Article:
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Archive for August 20th, 2009

Abuse of anonymous sources still bane of big-time journalism

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The phrase “spoke on condition of anonymity” has appeared in about 160 Washington Post stories this year, says Post ombud Andy Alexander. Since Jan. 1, The New York Times has used the phrase 240 times, says its public editor.

The Post knows better, Mr. Alexander writes:

The Post has strict rules on the use of anonymous sources. They’re spelled out in detail — more than 3,000 words — in its internal stylebook. But some of those lofty standards are routinely ignored. Others are unevenly applied.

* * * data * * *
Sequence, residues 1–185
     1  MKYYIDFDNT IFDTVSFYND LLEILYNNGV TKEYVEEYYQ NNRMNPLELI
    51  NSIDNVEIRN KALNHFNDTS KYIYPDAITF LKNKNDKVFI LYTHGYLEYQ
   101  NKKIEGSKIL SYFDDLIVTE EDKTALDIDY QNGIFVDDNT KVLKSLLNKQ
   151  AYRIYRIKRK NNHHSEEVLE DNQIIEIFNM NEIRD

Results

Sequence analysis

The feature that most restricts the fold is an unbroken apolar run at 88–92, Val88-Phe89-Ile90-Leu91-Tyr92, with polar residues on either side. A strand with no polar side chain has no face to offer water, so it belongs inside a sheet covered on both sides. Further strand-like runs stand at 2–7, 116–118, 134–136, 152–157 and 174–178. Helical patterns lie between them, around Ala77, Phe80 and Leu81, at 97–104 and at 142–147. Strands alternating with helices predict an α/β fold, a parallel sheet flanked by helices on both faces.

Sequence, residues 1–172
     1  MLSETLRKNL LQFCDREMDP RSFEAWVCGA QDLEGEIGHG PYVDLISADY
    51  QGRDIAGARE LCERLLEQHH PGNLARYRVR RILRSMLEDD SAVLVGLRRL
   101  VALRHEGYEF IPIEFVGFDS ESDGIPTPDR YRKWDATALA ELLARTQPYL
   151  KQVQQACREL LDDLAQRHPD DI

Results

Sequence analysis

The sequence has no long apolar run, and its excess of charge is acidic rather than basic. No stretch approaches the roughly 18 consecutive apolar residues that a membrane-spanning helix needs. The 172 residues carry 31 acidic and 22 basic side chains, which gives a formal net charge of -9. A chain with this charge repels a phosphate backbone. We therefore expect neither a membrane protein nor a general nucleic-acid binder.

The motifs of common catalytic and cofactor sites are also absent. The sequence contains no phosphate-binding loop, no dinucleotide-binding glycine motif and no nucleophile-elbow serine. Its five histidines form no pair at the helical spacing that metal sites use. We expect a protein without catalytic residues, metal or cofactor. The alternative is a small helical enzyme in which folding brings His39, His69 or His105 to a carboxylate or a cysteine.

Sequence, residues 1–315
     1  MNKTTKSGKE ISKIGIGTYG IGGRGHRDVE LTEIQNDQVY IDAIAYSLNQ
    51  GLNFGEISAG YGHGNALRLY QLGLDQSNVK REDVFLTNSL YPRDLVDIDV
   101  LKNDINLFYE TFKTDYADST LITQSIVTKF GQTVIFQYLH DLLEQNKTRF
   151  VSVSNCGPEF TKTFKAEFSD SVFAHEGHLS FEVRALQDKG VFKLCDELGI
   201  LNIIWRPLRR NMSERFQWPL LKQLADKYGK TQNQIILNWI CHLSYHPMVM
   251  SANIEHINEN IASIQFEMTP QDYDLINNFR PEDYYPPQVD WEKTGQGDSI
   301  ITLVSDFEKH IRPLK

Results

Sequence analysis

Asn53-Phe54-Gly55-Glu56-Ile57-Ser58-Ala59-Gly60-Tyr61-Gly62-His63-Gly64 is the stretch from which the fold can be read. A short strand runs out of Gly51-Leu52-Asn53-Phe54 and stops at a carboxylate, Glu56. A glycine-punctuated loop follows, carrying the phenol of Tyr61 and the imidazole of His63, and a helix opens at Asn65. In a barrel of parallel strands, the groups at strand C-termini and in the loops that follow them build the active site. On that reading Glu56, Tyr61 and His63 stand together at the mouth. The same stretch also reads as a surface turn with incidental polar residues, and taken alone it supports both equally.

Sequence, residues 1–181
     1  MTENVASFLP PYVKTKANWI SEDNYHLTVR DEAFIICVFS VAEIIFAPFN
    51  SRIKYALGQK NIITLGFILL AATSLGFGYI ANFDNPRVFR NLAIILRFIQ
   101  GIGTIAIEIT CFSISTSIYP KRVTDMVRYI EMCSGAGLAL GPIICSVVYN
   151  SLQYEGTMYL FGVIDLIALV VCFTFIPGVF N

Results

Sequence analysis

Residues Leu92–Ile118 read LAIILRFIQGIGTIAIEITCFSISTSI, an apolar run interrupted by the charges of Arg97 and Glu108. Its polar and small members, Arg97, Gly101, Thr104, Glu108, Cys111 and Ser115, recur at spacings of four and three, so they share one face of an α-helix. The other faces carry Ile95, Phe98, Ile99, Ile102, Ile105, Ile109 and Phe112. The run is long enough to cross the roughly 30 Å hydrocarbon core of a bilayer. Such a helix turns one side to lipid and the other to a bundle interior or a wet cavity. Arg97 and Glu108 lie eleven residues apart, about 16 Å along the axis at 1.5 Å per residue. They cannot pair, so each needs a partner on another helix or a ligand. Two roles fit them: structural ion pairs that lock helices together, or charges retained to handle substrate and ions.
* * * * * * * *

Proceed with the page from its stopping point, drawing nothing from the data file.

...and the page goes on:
Anonymous sources have their place in news gathering. Whistleblowers who make charges of malfeasance against governments or corporations need protection against reprisal. Victims of sexual assault similarly have been granted anonymity to protect against reprisal or demonizing. Sources in crucial national security stories may need protection. Sometimes, the grant of anonymity is the only way to obtain information that will serve the public interest.

“Anonymous sources are critical to newsgathering — and to informing readers,” writes Mr. Anderson. “Without a guarantee of confidentiality, many sources wouldn’t share sensitive information on corruption or misconduct.”

But far too many journalists and their editors use anonymous sources routinely without more critical assessment of the consequences. So should such journalists be surprised at the erosion of their credibility?
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Written by Dr. Denny Wilkins

August 20, 2009 at 10:47 am

Posted in Uncategorized